- Provides a sense of freedom as opposed to the constricting feeling of a narrow corridor with many visible but out of reach areas.

- Retains some sort of specific experience crafted for emotional impact, to the extent that the player wishes to follow it.



Problems:

- Difficulty balancing: The player level-grind in the open world and then breeze through the plot. This could be solved by requiring plot elements for main aspects of ability progression. i.e. to get significantly stronger you'll need to follow the storyline.

- The player with too much freedom could travel to future plot locations breaking the flow of the story. This could be helped by blocking access to certain areas until the story is ready (slightly frustrating and contradicting the sense of freedom). One way of doing this could be to scatter powerful enemies that the player does not stand a chance at fighting or sneaking past, while clearly communicating "You are not ready for this area yet".

- Less control over pacing: may reduce emotional impact or create plot inconsistency.

- May not be clear where to go next. This can be solved by providing good navigational aids. The player wishing only to follow the plot should easily be able to find where to go next.

- If time and effort is spent on polishing the areas used for the story then the other areas will be boring. This might be alleviated by scattering some goodies that are fairly easy to stumble upon, while creating incentive to stay near the story path and disincentives to stray too far.

- Creating large spaces takes a lot of work. But could the content be generated procedurally? It does not need to be of high quality. It just needs to exist. Could it be reused in different games?



One might ask, why bother creating a vast world that exists for no gameplay purpose? The aim is to create a sense of freedom. It is highly satisfying to be travelling in a certain direction because I *choose* to rather than because it is the only possible way to go. The type of game that I propose would offer two options: a) go where the story is going, b) go a completely different way that is probably much less interesting. Even if you choose to follow the story, you know it was a real choice giving a much greater sense of freedom and immersion than some rubble blocking your path.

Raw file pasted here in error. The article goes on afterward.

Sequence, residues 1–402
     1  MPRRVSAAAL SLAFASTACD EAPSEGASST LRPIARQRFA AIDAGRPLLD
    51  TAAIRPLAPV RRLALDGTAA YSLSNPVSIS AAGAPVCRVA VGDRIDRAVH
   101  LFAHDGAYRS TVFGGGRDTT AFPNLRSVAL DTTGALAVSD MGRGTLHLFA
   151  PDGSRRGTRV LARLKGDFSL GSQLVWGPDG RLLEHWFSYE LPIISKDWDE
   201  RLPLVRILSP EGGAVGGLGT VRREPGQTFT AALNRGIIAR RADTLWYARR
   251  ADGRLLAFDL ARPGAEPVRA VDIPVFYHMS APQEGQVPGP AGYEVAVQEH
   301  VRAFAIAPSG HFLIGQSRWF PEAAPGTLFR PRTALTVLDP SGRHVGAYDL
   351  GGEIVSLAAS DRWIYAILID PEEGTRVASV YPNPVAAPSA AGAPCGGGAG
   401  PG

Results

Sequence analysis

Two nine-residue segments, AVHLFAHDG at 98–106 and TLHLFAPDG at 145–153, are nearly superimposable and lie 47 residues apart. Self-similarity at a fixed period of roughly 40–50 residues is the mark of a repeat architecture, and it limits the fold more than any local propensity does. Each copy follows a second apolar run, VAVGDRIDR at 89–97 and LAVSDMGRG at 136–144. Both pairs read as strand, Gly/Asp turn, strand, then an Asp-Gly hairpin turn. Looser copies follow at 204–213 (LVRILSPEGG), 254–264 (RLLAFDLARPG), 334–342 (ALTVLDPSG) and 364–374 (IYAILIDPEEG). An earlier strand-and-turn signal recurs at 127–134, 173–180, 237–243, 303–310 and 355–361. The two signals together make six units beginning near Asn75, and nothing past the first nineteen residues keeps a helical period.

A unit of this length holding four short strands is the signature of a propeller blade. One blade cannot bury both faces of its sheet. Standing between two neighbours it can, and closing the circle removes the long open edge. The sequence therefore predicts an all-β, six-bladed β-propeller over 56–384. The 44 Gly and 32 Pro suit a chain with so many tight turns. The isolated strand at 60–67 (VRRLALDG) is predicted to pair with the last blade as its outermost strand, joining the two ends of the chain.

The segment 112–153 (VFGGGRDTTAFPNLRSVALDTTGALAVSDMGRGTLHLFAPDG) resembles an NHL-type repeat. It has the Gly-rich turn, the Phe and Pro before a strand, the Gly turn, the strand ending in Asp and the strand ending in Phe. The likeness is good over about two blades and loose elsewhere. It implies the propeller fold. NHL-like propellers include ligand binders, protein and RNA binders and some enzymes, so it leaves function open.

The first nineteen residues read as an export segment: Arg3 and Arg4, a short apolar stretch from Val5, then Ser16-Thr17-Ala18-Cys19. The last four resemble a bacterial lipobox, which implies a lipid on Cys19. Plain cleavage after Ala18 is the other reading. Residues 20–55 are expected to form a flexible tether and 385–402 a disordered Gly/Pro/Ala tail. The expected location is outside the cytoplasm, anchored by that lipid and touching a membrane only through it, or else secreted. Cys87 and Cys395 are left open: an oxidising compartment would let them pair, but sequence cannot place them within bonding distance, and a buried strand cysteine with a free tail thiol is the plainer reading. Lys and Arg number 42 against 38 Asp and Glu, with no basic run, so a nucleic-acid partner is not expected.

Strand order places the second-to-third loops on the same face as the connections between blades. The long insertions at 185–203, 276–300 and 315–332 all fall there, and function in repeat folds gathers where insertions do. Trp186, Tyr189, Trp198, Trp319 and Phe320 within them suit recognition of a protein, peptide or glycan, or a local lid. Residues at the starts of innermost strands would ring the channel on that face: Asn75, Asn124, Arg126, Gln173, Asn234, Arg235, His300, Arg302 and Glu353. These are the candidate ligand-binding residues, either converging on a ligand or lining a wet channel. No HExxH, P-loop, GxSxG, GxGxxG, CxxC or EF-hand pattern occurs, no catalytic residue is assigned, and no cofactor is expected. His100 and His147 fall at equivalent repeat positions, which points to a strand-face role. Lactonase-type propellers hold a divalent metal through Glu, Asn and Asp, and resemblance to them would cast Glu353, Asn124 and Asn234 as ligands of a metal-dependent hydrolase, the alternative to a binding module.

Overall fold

Far Cry was like this in some respects. I have not played Far Cry 2 but I understand the story was much less linear. Are there other examples of a open-world but linear games?

Jason Cheng
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I do think that the term non-linear has been misused when describing RPG. As you've stated in many games these days the story will have a definite beginning and an ending, it is only the middle parts that is opened up to players in terms of where they can go and what order to tackle each mission/chapter/section. For example, in Dragon Age, regardless which origin story you choose, you will always start your journey being initiated as a Grey Warden and end it by fighting the archdemon. So is it truly non-linear that no matter which permutation you use to recruit the different races, the conclusion is always the same (this is unrelated to the variation in ending)?



To me, non-linear should mean that the ending is not set in stone, but rather is shaped according to the choices a player makes throughout the journey. As far as I know no RPG has yet to implement that. One will always end up saving the world/country/princess. The only thing I've played that came close would be visual novels, which could arguably be considered as games.



Anyway, to get back to the original topic, sometimes I just want to experience a good story. I don't care to replay a game multiple times to see the different ways I can to reach the end. So to me, non-linearity (as it is being used now) is not a necessary RPG element.

Luis Guimaraes
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To me, "non-linear story" could only mean what is seen in Star Wars, when you watch the end, and than you watch the beggining. Where you play different characters (preferably in both sides) and go back and forth in the timeline (time is linear). It's where a story becomes a plot. I usualy try to avoid too much praises about "non-linearity" and "the future of game stories..." discussions, simply because it's not a measure of quality, even do I mostly, when I plan on stories for games, can't not to want non-linear progression as well as non-linearity and incrementing moral and social messages, I don't see anything wrong in video games not having any of these.